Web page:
November 28, 2014 Edition

Valerie Castro

This is AI generated summarization, which may have errors. For context, always refer to the full article.

  1. Secretary Ona told to take ‘extended leave’

    Health Secretary Enrique Ona has not resigned, contrary to some reports, but is being asked to extend his leave from the Department while the President considers his performance. Malacañang announced on Friday, November 28, that Ona has submitted his report on the vaccination controversy to President Benigno Aquino III but not his courtesy resignation. Malacañang was silent on Thursday, November 27 on whether President Benigno Aquino III has decided to retain Ona or let him go after his one month leave of absence expires. Aquino earlier asked Ona to go on leave to prepare a defense of Ona’s controversial vaccination program in the DOH. Advocates in the health sector claim the DOH procured P833 million worth of Pneumococcal Conjugate Vaccine 10 (PCV 10) instead of a “more cost-effective” vaccine. 

    Read the full story on Rappler.

  2. PH GDP growth slows to 5.3% in Q3

    The country’s gross domestic product (GDP) – a measure of the country’s economic activity – slowed down to 5.3% in the third quarter, or a 1.7 percentage point decrease from the 7% growth in the same quarter in 2013. The dip in growth was a result of more tempered government spending, a contraction in agriculture, and the lingering effects of Typhoon Yolanda. The latest results will mean the country may not meet its year-end target of 6.5% to 7.5% full-year GDP growth, according to National Economic and Development Authority Director General Arsenio Balisacan.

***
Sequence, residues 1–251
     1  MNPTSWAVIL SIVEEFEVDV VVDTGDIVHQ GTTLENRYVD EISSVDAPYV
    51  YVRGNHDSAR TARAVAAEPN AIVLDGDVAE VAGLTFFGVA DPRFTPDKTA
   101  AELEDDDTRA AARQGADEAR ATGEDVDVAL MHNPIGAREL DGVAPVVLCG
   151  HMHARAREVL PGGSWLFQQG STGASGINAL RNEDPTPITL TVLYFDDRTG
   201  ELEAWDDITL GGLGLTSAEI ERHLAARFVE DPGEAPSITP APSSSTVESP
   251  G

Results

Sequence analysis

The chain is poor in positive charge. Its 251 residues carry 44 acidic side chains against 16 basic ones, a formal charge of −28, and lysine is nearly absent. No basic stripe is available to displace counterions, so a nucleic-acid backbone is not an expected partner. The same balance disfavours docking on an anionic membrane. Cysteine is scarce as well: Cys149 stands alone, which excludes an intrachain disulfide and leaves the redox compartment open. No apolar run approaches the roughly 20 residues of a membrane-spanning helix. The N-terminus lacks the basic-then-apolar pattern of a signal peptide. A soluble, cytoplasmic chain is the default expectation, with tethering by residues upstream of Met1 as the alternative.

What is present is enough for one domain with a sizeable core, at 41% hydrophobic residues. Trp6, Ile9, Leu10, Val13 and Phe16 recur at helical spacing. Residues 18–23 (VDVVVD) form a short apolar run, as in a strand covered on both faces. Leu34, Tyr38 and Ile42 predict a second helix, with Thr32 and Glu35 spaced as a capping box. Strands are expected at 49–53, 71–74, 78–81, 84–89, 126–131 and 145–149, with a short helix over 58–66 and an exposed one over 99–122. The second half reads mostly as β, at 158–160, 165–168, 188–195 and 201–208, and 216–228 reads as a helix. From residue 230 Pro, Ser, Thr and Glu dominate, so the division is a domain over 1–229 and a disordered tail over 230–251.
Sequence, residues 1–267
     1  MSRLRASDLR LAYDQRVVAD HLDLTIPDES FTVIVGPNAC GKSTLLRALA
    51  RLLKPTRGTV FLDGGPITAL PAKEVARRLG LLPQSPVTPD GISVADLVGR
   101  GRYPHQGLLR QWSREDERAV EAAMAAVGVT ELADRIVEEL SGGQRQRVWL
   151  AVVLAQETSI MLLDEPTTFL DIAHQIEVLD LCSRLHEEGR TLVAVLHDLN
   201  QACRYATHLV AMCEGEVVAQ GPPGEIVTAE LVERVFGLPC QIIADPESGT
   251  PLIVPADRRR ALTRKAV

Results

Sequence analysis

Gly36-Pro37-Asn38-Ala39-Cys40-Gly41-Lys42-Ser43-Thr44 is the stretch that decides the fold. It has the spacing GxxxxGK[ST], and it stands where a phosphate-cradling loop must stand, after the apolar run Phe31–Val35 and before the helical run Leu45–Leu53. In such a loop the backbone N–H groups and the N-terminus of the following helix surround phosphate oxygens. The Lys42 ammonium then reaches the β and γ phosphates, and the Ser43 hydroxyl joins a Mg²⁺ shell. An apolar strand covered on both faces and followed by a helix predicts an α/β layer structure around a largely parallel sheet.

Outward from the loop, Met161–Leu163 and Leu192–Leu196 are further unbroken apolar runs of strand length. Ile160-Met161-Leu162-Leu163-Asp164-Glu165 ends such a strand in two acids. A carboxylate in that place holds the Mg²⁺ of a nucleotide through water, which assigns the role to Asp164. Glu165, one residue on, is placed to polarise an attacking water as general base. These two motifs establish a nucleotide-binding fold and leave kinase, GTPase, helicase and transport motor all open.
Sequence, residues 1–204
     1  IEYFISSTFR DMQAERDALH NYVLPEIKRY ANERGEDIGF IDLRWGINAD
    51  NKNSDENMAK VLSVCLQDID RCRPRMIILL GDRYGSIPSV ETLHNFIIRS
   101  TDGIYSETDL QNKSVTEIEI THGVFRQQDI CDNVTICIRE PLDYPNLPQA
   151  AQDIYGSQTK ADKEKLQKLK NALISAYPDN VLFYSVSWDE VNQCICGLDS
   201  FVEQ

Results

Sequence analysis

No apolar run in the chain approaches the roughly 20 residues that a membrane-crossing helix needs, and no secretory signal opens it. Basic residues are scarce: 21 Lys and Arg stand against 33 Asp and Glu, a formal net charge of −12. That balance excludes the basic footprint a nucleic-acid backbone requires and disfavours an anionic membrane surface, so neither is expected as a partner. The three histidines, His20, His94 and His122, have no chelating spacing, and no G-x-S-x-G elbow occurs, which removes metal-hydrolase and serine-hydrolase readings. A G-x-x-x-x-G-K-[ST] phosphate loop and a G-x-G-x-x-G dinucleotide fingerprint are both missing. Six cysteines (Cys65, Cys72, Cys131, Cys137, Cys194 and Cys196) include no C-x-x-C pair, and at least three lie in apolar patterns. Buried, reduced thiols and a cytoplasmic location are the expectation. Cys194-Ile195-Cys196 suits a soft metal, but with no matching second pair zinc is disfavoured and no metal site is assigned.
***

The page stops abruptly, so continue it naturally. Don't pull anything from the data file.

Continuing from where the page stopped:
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  3. TD Queenie leaves at least 2 dead, 7 missing

    At least two people were killed and 7 others are missing after tropical depression Queenie swept across southern Visayas on Thursday, November 27. One woman was swept away by floodwaters in Cebu while a man was fatally injured when huge waves hit his boat off the island of Bohol. The regional disaster risk reduction and management council said 7 others are missing, mostly fishermen who went out to sea.

    Read the full story on Rappler.

  4. ‘Don’t elect plunderers’ – Miriam’s advice to voters